Cooking with wine.

General Cooking tips

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snooky
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Cooking with wine.

Postby snooky » Thu Sep 11, 2008 6:24 pm

My wife,who is a fine cook,struggles somewhat when attempting a recipe useing "wine." Which wine?One in a cheap,medium or expensive range?Or one that you like to quaff on occasion?I'm not a wine buff,prefer a proper beer,advice needed please.
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pongeroon
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Postby pongeroon » Thu Sep 11, 2008 11:26 pm

We usually use one that is nice to drink while cooking with the rest of it.
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Johnboy
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Postby Johnboy » Fri Sep 12, 2008 3:32 am

Hi Snooky,
I listened to a programme the other day and a wine expert gave this explanation.
If you buy a bottle of wine at £3. you actually only get about 15p of wine which is not of good quality. This is because the costs of making, bottling, transporting and Tax are the same as a bottle costing £6.99. but the quality of the wine increases by several hundred percent. He also advised us common erks not to pay more than £7.99. for a bottle because he reckoned that it would only be an expert who would be able to note the subtle differences.
I hope this makes sense to you 'cos at this time in the morning I'm getting a bit tired.
JB.
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Granny
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Postby Granny » Sat Sep 13, 2008 11:07 am

I buy cheap wine to use especially for cooking. I've heard celebrity chefs say you shouldn't cook with wine you wouldn't be prepared to drink but I can't tell the difference and something like Coq au Vin needs nearly a whole bottle! We keep unused wine in the bottle with a Vac-u-vin stopper and it will keep for weeks. I put wine in nearly all casseroles, add it to gravy, sauces, poached fish etc. so I've always got a bottle red and white on the go. So the cheapest red or dry white from the supermarket, I reckon.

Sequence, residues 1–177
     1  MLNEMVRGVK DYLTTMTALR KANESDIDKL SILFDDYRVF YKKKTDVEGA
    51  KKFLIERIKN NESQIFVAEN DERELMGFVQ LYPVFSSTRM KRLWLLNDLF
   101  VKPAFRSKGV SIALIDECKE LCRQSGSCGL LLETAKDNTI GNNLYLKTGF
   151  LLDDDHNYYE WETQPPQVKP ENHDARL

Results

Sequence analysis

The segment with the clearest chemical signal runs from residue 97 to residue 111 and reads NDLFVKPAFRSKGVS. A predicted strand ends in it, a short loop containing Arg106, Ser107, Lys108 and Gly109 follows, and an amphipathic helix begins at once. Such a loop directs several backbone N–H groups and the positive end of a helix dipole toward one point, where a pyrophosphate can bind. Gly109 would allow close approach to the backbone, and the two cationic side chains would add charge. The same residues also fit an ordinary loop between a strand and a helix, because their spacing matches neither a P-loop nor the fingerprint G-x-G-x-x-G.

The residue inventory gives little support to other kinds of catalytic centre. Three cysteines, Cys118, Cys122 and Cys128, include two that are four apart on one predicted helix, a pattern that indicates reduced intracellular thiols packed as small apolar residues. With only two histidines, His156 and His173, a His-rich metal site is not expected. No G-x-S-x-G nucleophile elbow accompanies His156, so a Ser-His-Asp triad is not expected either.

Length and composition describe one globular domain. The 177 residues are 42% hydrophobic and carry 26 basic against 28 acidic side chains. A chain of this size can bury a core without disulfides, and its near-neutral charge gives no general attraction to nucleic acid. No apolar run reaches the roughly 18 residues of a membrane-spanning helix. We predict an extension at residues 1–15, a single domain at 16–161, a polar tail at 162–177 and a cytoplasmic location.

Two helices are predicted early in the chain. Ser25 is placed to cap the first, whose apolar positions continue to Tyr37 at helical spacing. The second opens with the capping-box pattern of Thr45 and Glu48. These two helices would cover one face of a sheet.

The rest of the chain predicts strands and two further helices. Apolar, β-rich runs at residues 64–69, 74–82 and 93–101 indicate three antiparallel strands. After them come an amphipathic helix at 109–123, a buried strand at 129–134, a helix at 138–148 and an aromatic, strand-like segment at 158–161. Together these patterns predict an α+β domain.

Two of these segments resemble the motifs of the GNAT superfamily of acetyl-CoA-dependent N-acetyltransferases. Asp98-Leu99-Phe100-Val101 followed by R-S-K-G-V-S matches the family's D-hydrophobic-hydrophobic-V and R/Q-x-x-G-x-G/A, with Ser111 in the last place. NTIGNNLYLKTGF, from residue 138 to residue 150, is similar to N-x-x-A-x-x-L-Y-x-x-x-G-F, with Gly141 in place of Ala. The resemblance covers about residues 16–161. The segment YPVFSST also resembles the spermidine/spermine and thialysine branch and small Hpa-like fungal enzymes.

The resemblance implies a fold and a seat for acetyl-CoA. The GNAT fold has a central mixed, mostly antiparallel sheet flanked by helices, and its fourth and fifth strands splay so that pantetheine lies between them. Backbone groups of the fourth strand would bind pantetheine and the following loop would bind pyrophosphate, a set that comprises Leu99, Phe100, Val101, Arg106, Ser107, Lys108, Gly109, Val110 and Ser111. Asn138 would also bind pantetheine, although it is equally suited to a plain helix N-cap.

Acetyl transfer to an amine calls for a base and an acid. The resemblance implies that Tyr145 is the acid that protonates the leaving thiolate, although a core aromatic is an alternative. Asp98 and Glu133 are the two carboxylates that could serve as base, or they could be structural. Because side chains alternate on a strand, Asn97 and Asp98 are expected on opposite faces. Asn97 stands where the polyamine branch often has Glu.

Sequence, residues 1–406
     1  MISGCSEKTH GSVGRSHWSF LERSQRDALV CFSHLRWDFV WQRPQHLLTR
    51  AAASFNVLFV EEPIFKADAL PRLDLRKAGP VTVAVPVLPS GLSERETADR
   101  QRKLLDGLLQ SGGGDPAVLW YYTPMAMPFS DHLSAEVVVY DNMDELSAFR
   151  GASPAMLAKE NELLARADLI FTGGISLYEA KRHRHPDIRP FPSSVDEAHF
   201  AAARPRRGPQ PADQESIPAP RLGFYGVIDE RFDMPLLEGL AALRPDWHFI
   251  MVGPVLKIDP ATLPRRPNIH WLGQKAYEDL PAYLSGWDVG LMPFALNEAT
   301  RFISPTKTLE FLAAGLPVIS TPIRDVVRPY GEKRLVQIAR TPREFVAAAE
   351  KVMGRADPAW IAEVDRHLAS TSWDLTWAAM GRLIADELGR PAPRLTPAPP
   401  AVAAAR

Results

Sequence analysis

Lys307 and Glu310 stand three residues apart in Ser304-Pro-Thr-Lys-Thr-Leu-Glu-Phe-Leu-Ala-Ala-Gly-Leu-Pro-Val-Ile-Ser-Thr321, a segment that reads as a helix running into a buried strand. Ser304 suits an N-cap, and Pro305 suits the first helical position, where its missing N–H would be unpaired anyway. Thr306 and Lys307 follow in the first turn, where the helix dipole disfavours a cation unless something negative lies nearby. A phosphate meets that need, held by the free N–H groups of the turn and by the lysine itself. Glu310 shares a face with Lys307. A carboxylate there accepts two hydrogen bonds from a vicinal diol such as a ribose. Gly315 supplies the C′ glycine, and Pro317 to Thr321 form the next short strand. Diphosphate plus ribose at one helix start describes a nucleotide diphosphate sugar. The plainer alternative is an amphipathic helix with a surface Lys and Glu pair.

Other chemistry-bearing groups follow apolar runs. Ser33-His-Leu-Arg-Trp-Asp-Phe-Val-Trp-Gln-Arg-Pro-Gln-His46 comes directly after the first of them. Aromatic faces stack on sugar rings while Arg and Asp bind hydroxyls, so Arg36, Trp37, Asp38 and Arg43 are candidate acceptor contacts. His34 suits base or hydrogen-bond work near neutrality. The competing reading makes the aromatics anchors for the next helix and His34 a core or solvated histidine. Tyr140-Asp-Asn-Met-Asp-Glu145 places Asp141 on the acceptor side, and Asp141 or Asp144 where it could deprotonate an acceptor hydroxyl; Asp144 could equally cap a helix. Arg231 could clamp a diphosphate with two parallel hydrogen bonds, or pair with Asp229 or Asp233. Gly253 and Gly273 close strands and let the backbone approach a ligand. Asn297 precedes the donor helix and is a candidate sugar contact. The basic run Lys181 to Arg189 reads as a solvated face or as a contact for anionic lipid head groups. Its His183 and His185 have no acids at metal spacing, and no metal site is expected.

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Colin_M
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Postby Colin_M » Sat Sep 13, 2008 1:40 pm

Dry white wine also works well for lots of dishes - something like a Suavignon Blanc or even better, a Muscadet de Sevre adds a little something to things like Paella etc.

Also it was only when I saw someone cooking chicken with white wine that I realised Coq au Vin doesn't just have to be made with Red.

Finally, with so many recipes needing almost a bottle, I wonder if it's best to just write the whole thing off (thereby leaving something to keep the chef's creative juices going during the cooking :lol: ).
Last edited by Colin_M on Sat Sep 13, 2008 8:54 pm, edited 1 time in total.
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Gilly C
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Postby Gilly C » Sat Sep 13, 2008 7:16 pm

I use cheap mini bottles 4 for £5 for cooking and the good stuff to drink instead of white wine though I use dry cider as it is cheaper and gives a good result and nice to drink too :wink:
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Tigger
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Postby Tigger » Sat Sep 13, 2008 9:46 pm

I go with the principle that if you wouldn't drink it then don't cook with it.

We rarely finish a bottle of wine between us so there's always a good glass left for cooking with.

I prefer beer or cider for gravy.
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Johnboy
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Postby Johnboy » Sun Sep 14, 2008 5:36 am

Hi Tigger,
I guess it must have been 'James' that gave the advice! :wink:
JB.
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The Grock in the Frock
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Postby The Grock in the Frock » Fri Nov 07, 2008 5:27 pm

ooops did not know you where ment to put it in the food. :twisted: silly me :wink:
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